It can be difficult learning to trust again when we’ve been let down in the past, and continued difficult relationships can lead to a lack of resilience, depression and anger. Counselling can help you discover the root cause of your fear of abandonment and relationship difficulties, enabling you to care for that inner child and move on to enjoy intimacy, trust, and respect as an adult.

Claire ScottIf any of this resonates with you and you would like to arrange counselling, get in contact by email at claire@insightcounsellingbrighton.co.uk or use the contact form on this website.

How can therapy help me and my anxiety?

February 25, 2017

fear-1940184_1280

Anxiety is a word that gets thrown around a lot and can mean different things to different people. Essentially, it’s used to describe feeling uneasy, worried and afraid and the mental and physical effects this can cause. For example, before sitting an exam it’s natural to feel scared, worried, sick, have stomach cramps, etc.

So when does anxiety stop being a natural response to a stressful event and turn into something more significant?

Anxiety is caused by the ‘fight or flight response’. A normal biological reaction to when we feel threatened, and something that has been with us since the dawn of man. When your body feels under threat it automatically releases hormones that physically prepare you to fight the danger, or run away from it.

mammoth-1127772_1920

Although we don’t have much use for the fight or flight response anymore – we’re unlikely to be charged at by a woolly mammoth any time soon, our biological reactions to it remains.


Anxiety becomes a problem when the fight or flight response stays switched on and the physical and mental symptoms have an impact on your quality of life.

Long term anxiety can be extremely difficult, and is often experienced alongside other illnesses such as depression and chronic pain. One of the key difficulties is that anxiety can lead to you feeling trapped within a ‘vicious circle’. When you’re feeling low and run down you tend to avoid activity because you don’t have the energy for it, or just can’t muster the motivation. This can lead to you feeling guilty and that you haven’t achieved as much as the ‘healthy’ you would have – you don’t feel like the person you used to be anymore. This makes you feel worse and you avoid more activity and you seem stuck in this never ending circle.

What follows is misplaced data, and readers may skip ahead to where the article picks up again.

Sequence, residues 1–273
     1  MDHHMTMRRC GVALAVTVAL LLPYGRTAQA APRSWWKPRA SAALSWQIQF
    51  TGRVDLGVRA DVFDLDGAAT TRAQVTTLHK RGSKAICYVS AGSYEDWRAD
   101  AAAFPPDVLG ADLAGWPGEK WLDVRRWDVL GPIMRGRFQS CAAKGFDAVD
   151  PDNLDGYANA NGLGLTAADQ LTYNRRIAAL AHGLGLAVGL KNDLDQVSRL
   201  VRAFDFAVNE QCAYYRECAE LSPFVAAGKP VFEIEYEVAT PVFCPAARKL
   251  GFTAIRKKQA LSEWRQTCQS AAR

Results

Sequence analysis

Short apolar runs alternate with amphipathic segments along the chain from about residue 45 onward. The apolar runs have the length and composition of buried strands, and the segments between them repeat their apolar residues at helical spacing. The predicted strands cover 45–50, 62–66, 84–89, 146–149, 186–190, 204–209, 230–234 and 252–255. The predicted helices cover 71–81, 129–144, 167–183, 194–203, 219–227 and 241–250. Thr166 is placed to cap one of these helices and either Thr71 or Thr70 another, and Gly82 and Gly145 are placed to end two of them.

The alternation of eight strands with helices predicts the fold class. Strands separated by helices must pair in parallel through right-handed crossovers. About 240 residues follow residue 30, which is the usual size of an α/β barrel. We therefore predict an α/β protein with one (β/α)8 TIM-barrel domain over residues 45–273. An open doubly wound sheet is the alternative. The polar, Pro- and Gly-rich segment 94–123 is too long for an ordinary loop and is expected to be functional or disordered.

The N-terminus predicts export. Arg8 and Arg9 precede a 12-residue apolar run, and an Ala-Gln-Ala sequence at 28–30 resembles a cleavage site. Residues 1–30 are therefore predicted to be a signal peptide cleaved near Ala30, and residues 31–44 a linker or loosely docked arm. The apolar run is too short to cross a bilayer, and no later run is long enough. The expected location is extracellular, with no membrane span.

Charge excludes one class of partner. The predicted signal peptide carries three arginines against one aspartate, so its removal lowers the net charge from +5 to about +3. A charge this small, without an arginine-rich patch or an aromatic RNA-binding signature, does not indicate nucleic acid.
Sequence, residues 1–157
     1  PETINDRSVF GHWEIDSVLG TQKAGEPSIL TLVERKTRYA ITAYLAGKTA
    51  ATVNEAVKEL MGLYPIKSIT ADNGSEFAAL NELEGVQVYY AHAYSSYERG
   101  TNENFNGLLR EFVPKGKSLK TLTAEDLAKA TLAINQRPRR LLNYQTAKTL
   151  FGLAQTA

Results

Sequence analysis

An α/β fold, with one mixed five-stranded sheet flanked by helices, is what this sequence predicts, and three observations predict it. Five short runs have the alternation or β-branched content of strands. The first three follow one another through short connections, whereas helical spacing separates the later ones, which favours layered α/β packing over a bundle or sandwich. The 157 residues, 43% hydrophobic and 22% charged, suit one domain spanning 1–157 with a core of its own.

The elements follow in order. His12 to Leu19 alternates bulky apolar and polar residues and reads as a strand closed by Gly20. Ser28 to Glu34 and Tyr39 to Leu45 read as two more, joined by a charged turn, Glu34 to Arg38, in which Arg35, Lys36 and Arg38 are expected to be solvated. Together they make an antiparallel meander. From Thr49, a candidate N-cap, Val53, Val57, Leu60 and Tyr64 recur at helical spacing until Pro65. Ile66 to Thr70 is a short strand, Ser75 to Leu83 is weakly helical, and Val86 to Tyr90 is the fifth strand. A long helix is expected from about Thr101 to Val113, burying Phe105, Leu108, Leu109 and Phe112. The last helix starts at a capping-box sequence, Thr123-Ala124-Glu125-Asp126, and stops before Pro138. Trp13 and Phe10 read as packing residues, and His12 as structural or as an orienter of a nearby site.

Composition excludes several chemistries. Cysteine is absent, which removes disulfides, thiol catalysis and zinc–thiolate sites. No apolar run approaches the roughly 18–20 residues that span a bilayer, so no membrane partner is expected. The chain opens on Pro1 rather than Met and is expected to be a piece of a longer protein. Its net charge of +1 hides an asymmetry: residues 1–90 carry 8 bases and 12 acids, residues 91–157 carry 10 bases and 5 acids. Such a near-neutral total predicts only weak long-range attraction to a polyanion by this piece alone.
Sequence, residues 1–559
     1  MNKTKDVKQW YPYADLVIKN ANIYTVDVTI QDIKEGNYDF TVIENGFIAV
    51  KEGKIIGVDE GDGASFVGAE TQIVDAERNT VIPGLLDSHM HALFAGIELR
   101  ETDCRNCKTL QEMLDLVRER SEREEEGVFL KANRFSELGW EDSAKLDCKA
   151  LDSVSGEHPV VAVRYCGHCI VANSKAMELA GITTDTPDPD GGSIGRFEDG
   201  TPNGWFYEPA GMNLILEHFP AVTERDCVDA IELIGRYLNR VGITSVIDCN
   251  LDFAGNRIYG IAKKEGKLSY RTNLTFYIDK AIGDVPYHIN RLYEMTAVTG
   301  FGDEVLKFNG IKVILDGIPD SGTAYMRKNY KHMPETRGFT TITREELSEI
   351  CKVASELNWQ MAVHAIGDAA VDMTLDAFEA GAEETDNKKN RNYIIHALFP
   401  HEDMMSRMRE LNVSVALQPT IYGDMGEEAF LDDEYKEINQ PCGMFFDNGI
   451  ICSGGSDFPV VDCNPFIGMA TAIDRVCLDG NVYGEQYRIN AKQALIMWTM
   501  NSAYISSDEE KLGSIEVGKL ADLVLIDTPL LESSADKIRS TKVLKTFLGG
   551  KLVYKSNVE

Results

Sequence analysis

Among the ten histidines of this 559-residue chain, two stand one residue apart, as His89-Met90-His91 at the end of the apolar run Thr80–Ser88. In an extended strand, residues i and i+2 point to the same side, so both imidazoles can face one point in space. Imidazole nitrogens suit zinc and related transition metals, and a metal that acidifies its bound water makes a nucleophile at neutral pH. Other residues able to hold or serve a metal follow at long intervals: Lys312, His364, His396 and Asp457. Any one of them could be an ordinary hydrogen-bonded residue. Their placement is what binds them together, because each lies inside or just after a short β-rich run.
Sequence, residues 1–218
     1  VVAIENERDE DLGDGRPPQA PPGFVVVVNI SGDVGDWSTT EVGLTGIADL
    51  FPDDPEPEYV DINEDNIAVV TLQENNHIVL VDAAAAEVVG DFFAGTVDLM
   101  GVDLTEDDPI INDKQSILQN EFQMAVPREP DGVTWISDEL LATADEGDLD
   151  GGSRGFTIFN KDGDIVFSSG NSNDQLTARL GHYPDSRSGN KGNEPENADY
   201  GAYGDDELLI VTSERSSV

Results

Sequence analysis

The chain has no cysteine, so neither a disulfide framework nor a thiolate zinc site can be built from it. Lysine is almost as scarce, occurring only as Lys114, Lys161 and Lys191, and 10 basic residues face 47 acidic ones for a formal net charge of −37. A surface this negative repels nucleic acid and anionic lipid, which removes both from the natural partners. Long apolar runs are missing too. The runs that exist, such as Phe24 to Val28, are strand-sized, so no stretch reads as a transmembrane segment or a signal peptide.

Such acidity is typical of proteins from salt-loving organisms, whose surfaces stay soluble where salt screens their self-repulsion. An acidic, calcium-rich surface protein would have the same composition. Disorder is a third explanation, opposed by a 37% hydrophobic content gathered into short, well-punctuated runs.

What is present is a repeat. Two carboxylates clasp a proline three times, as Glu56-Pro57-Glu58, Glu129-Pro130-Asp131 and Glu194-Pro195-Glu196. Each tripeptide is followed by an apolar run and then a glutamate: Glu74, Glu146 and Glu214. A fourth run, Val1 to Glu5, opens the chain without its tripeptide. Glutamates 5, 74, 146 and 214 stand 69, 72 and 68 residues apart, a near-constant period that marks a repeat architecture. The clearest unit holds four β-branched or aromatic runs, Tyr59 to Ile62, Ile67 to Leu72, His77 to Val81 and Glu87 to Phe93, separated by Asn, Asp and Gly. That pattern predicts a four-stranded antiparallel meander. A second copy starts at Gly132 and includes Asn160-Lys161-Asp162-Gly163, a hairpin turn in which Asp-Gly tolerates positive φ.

As anxiety can affect your health and wellbeing in numerous ways it is important to figure out the causes and find a way of resolving the anxiety whilst managing the symptoms. Although self-help and medication are useful in reducing symptoms, research has shown that therapy is usually the most effective option when it comes to treating anxiety.

Therapy looks at the causes of triggers and any underlying issues that might aggravate it rather than just treating the symptoms.
One starting point to be used in combination with other therapeutic approaches is Cognitive Behavioural Therapy (CBT). CBT uses the basis that it’s the way you think and react to a situation that’s causing the anxiety, rather than the situation itself. CBT challenges the way you think in a process called ‘cognitive restructuring’.

It’s a three step process that involves:

  1. Identifying the negative thought processes
  2. Challenging the negative thoughts
  3. Replacing the negative thoughts with realistic thoughts

CBT may also include learning to recognise when you’re anxious and what that feels like for you – often there are some signs that anxiety is going to kick in that when you learn to recognise what they feel like, can help you prevent the anxiety from kicking in.

Therapy gives you the tools to be able to manage the symptoms of anxiety and employ coping mechanisms and relaxation techniques to lessen its impact on you and your life.

Whilst self-help alone may not be effective in treating your anxiety, it is useful when combined with therapy. From writing a journal or diary to help figure out patterns of thinking, or even identifying triggers; through to mindfulness and breathing exercises that can help you through a panic attack. For some great tips and ideas for self-help visit the Mind website


CBT is best used as a ‘holding approach’– it’s useful for managing the anxiety and lessen its impact with a supportive counsellor guiding you through and challenging the negative thinking, but often there are deep rooted issues causing or aggravating your anxiety. So in the long term, it’s important that these issues are resolved through exploration and discussion with an experienced counsellor.

There are various kinds of therapeutic approaches that can be used to discover these causes which are tailored to your needs, problems and requirements ensuring that you get what you really need out of therapy.